Tuesday, June 9, 2009

Updating the User Interface

As a java developer, I’ve found the best way to actually create software is to create functionality from the software point of view.  Too often, I see software that has been built from the User Interface perspective which creates a dependency on the UI for the software.  Dependency on the UI is generally a bad thing because it makes it hard to test, hard to change and generally hard to understand.

I’ve made it a rule of mine to build software that does not depend on whether it is a web application, swing application, javafx application or any other environment specific application.  I also try to even limit my software’s dependency on where the model is stored.  I do this generally by creating an interface and more than likely a factory class to hide the implementation.  This way, I can code my software to utilize the interface through the controller, rather than starting with a specific implementation that will manipulate my software component and inevitably lock me into using the implementation forevermore.

Lets say for example that I have a software component that has a counter in it.  I know that I want the counter displayed to the user, but I’m not sure how yet.  I also want to stick to my rule about not depending on any specific display implementation.  If I follow the herd on this one, its likely that I would get a handle on my HttpServletRequest object, get the count and set it as an attribute and then create a tag to show it as an HTML element.  Personally, I’ve done this hundreds of times…the struts action get the count from the counter and puts it in the request or session.

But then what happens if I want to run my software in JavaFX?  I have to change the way my software works, which means that if I want to stay compatible with my current solution, I need to add a bunch of logic that says “If we are running in JavaFX do this…otherwise, do that.”  This idea is really fragile and likely to be riddled with defects.  Worse than that, I may re-implement the logic to run on another platform…this creates serious maintenance issues.

In another approach, lets say that I want my software to just update an appropriate display.  My software doesn’t need to know about what kind of display it is, so I just add a bit of abstraction to my code that allows me to decide later how I want my display updated and then carry on writing my counter code.  To do that, I create an interface:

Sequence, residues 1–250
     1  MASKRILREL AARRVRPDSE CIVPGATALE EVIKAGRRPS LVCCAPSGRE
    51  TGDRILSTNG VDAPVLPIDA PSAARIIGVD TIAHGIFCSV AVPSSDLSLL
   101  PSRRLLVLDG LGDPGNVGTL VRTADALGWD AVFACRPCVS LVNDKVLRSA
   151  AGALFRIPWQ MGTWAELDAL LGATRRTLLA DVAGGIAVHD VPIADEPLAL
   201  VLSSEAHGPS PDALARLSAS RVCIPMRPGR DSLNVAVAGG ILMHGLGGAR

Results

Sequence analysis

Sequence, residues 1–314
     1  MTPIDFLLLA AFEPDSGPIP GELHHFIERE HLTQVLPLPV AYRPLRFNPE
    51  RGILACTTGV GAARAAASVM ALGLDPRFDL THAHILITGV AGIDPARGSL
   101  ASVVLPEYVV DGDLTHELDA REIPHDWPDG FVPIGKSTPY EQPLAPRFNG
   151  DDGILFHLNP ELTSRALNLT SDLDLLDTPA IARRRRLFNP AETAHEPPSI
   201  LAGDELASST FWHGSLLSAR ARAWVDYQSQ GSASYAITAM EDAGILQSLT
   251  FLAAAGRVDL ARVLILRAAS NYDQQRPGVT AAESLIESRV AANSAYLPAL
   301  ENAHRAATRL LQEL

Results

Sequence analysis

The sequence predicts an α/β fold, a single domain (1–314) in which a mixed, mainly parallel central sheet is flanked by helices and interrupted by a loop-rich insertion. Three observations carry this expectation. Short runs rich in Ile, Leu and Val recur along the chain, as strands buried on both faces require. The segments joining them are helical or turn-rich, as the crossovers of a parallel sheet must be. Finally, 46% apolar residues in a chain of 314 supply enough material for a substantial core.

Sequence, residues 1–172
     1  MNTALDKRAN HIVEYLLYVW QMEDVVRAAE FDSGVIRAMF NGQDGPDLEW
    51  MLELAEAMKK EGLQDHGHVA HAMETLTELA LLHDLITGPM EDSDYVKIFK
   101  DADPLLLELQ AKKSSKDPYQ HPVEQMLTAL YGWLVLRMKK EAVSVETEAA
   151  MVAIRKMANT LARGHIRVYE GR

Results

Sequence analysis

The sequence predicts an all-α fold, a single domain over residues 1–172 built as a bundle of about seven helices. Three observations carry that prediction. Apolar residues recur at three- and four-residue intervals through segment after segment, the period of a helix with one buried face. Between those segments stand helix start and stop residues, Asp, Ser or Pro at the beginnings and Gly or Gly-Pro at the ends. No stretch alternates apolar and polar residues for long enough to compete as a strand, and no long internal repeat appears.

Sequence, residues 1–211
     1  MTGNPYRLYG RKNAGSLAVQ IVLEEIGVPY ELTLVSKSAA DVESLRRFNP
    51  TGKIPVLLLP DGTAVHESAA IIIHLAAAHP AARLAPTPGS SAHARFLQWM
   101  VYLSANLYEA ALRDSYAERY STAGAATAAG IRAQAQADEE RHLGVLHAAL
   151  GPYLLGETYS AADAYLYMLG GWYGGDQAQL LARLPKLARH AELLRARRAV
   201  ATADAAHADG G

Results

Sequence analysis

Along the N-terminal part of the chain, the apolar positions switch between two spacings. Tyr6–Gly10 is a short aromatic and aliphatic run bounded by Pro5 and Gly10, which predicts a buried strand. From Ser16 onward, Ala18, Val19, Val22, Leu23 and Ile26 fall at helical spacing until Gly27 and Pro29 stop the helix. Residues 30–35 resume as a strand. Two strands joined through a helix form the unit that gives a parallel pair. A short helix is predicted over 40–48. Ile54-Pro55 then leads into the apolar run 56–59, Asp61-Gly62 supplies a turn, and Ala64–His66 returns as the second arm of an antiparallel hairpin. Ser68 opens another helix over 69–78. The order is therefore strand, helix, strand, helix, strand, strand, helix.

1: public interface CounterDisplay
  2: {
  3:    void updateDisplay(int value);
  4: }

OK.  That was easy, now I may use a factory to give this Little piece to my counter software, or I may just hard code it depending on how flexible I need to be.  The main thing is, that my software just knows that there is a counter display to deal with…it might be a JOptionPane message box, a JSF page or a JavaFX Scene.  How we update the display isn’t important to the software component.

  1: public void incrementCounter(CounterDisplay display)
  2: {
  3:   counter++;
  4:   display.updateDisplay(counter);
  5: }

In a struts application, I may have my CounterDisplay as an action form.  In this case, I could simply implement my CounterDisplay interface on the action form and then allow struts to do its thing:

  1: public class MyForm extends ActionForm implements CounterDisplay
  2: {
  3:    private int counter;
  4:    ...
  5:    public int getCounter()
  6:    {
  7:       return counter;
  8:    }
 10:    public void updateDisplay(int value)
 11:    {
 12:       counter = value;
 13:    }
 14: }

This way, we separate the UI from the software and we can implement it anywhere.

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